I’ve shot a handful of weddings over the years. Always as a friend or family member helping to keep expenses down. Never charged anyone and I’ve always cautioned that I’m not a wedding photographer and not to expect professional results. I’ve had varying degrees of success. Of course most who request this kind of help just want some memories and even snapshots can provide that. My son Gabe was the latest victim of my kindness. He and Erika went through a fast wedding planning process (roughly a month) and Erika’s brother and I provided photographic services. When I hear what most professional wedding photographers ask for their services it always seems exorbitant ……… and then I go through one of these exercises and I get just a clue of how much hard work is involved. But it was challenging and fun and it was a great wedding.
Took a short trip to Rocky Mountain National Park this last week …….. first outing of the summer. Managed a couple of short day hikes during our 2 night stay. First night there I took a quick drive up to Bear Lake where the mosquito population is quite healthy. I forgot to apply any repellent that evening so a few shots of the lake and Longs Peak and I headed back to camp before the mosquitos could do more damage. I liked the still section of water where the reflection of the clouds seem to float isolated from the rest of the reflected scene. It creates an unusual but pleasant tension to the scene.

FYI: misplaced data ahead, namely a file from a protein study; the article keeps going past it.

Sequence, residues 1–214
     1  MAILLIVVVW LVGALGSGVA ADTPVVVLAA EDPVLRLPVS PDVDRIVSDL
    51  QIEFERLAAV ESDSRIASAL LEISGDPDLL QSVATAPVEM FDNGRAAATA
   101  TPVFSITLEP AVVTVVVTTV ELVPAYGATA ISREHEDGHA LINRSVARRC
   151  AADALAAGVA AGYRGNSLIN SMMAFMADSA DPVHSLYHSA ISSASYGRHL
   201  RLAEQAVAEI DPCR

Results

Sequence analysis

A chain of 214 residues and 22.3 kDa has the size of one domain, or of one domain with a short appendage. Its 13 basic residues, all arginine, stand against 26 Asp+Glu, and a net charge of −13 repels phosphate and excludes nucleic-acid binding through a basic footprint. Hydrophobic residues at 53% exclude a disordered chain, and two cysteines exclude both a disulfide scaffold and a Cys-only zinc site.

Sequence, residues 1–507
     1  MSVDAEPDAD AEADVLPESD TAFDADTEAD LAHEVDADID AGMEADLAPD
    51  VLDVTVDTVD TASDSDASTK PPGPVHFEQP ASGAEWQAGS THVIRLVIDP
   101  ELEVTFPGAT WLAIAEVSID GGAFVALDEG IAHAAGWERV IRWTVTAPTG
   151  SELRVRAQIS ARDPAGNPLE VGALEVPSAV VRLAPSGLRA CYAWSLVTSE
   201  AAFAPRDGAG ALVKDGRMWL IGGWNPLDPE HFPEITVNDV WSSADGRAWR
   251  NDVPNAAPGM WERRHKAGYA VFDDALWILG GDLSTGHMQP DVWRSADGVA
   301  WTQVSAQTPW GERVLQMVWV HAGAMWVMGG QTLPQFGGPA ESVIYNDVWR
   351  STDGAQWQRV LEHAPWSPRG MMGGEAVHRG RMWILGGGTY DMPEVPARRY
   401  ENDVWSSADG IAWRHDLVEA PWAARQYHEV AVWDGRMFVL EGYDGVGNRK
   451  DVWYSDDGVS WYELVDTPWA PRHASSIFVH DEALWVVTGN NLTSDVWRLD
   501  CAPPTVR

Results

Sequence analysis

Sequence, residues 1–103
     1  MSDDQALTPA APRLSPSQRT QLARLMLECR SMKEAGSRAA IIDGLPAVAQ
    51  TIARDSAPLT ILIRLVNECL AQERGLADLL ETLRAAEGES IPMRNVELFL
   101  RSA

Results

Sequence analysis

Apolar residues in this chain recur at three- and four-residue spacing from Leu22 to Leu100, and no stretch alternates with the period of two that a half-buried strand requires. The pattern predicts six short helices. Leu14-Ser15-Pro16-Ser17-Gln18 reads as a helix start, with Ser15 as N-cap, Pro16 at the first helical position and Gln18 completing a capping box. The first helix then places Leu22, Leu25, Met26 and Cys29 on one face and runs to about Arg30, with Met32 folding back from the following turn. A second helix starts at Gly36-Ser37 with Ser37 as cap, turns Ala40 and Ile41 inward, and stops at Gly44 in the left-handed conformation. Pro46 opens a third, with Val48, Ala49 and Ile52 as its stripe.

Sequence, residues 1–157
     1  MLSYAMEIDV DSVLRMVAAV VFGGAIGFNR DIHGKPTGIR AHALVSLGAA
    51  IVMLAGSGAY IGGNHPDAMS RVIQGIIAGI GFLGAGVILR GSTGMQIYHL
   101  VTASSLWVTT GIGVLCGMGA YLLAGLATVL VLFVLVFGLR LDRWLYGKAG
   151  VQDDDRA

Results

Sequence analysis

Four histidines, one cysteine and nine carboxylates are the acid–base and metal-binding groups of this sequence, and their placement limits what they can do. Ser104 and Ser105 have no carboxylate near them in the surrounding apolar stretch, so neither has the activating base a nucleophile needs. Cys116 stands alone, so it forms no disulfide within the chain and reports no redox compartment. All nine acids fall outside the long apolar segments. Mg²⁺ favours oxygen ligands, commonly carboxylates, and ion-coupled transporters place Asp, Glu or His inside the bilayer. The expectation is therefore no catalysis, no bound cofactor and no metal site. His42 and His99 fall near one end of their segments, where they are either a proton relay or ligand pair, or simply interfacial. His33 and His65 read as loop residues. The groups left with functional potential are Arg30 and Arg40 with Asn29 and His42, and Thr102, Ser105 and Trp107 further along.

Yellowstone is a land of enchantment, with it’s majestic waterfalls, abundant wildlife and unique geothermal features. It’s the latter that is home to some of Yellowstone’s more unusual residents.Thriving in the ultra hot ( sometimes approaching 200 degrees) environment of Norris Geyser Basin and Middle Geyser Basin, thermophiles, including cyanidium algae, cynobacteria and various other microbes, color the steam covered landscape of some of these hot Yellowstone attractions.
No, not a breakdown of Garden of the Gods tree species ……… just a few images featuring trees from around the park. The old pine upon the ridge, the junipers up on White Rock, the Cottonwood along camp creek, the surface rooted juniper on Rattlesnake Ridge …….. these are like old friends and I’ll continue to visit and photograph as opportunity arises. Continue reading